In addition, Williams suggests having two to four years in lower volatility investments like a short-term bond fund. That will help you ride out any market downturns and give your investments time to recover.
Credit cards: Minimize the bite
If you're carrying balances on your credit cards -- which typically have high variable interest rates -- consider transferring them to a zero-rate balance transfer card that locks in a zero rate for between 12 and 21 months, McBride suggested.
"That insulates you from rate hikes over the next year and a half, and it gives you a clear runway to pay off your debt once and for all," he said. "Less debt and more savings will enable you to better weather rising interest rates, and is especially valuable if the economy sours."
If you don't transfer to a zero-rate balance card, another option might be to get a relatively low fixed-rate personal loan.
In any case, the best advice is to make every effort to pay down your balances quickly.
Rebalance your portfolio if needed
It's easy to say you have a high tolerance for risk when stocks are soaring. But you have to be able to stomach the volatility that inevitably comes with investing over time.
So review your holdings to make sure they still align with your risk tolerance for a potentially rockier road ahead.
And while you're at it, rebalance your portfolio if after years of stock gains you find yourself overweight in any one area. For instance, if you're now too heavily weighted in growth stocks, Adam suggested maybe reallocating some money into slower-growing, dividend-paying value stocks through a mutual fund.
Also check to see that you have at least some exposure to bonds. While inflation has resulted in the worst quarterly return in high-quality bonds in 40 years, don't count them out.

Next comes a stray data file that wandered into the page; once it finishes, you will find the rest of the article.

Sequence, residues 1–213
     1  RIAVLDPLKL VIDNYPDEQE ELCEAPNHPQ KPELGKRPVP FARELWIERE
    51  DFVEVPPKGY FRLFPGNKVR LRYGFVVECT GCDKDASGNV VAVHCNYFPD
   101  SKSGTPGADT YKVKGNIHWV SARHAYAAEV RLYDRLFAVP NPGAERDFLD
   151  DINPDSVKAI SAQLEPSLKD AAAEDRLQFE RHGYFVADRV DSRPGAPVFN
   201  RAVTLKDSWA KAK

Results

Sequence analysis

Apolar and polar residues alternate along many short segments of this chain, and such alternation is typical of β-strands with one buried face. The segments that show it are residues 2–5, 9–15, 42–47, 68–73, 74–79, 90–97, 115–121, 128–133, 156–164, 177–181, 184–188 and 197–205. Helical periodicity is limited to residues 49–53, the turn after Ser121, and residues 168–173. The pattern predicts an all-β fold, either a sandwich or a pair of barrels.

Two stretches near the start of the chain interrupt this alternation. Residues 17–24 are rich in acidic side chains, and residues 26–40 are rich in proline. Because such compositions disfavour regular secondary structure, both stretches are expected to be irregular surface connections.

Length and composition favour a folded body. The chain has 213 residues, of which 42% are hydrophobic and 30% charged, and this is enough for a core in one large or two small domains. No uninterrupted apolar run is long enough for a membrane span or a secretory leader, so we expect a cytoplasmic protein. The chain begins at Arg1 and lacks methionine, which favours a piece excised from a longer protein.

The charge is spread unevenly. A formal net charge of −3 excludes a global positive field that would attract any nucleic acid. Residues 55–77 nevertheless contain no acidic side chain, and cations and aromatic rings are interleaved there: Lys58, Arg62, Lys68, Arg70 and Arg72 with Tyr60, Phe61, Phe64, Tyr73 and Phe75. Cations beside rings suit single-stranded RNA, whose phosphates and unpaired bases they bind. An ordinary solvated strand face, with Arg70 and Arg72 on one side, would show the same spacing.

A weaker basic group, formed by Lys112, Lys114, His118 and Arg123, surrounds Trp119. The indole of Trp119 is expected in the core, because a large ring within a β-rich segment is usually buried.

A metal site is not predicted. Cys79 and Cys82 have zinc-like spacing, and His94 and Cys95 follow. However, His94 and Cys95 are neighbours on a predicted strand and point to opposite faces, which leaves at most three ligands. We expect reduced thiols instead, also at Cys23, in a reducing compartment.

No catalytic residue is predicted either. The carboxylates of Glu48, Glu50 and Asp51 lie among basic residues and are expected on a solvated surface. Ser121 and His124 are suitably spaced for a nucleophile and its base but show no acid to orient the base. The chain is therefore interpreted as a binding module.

"Should a recession result from the Fed's aggressive interest rate hikes to quell inflation, bonds are likely to do well. Recessions tend to be far kinder to high quality bonds than they are to stocks," Bennyhoff said.
Figure out what it means to you to 'lose' money
If you're keeping money in a savings account or CD, any interest you're earning is likely being outpaced by inflation. So while you preserve your principal, you lose buying power over time.
Then again, if it's more important to preserve principal over a year or two than risk losing any of it -- which could happen when you invest in stocks -- that inflation-based loss may be worth it to you because you're getting what Bennyhoff calls a "sleep-easy return."
But for longer-term goals, figure out how much you feel comfortable putting at some risk to get a greater return and prevent inflation from eating away at your savings and gains.
"Over time, you're better off and safer as a person if you can grow your wealth," Adam said.
Stay cool. Do your best. Then 'let go'
Rapid-fire news reports about higher gas and food prices or talk of a potential world war are unnerving. But don't trade on the news. Building financial security over time requires a cool, steady hand.
"Don't let your feelings about the economy or the markets sabotage your long-term growth. Stay invested, stay disciplined. History shows that what people -- or even experts -- think about the market is usually wrong. The best way to meet your long-term goals is just stay invested and stick to your allocation," Adam said.
During periods of crisis over the last century, stocks typically came back faster than anyone expected in the moment, and did well on average over time.
For example, since the financial crisis hit in 2008, the S&P 500 has returned 11% a year on average through 2021, according to data analyzed by First Trust Advisors. The worst year in that period was 2008, when stocks fell 38%. But in most of the years that followed, the index posted a gain. And four of its annual gains ranged between 23% and 30%.
"If you've built an appropriately diversified portfolio that matches your time horizon and risk tolerance, it's likely the recent market drop will be a mere blip in your long-term investing plan," Williams said.
Remember, too: It's impossible to make perfect choices since no one has perfect information.
"Collect your facts. Try to make the best decision based on those facts plus your individual goals and risk tolerance." Adam said. Then, she added, "Let go."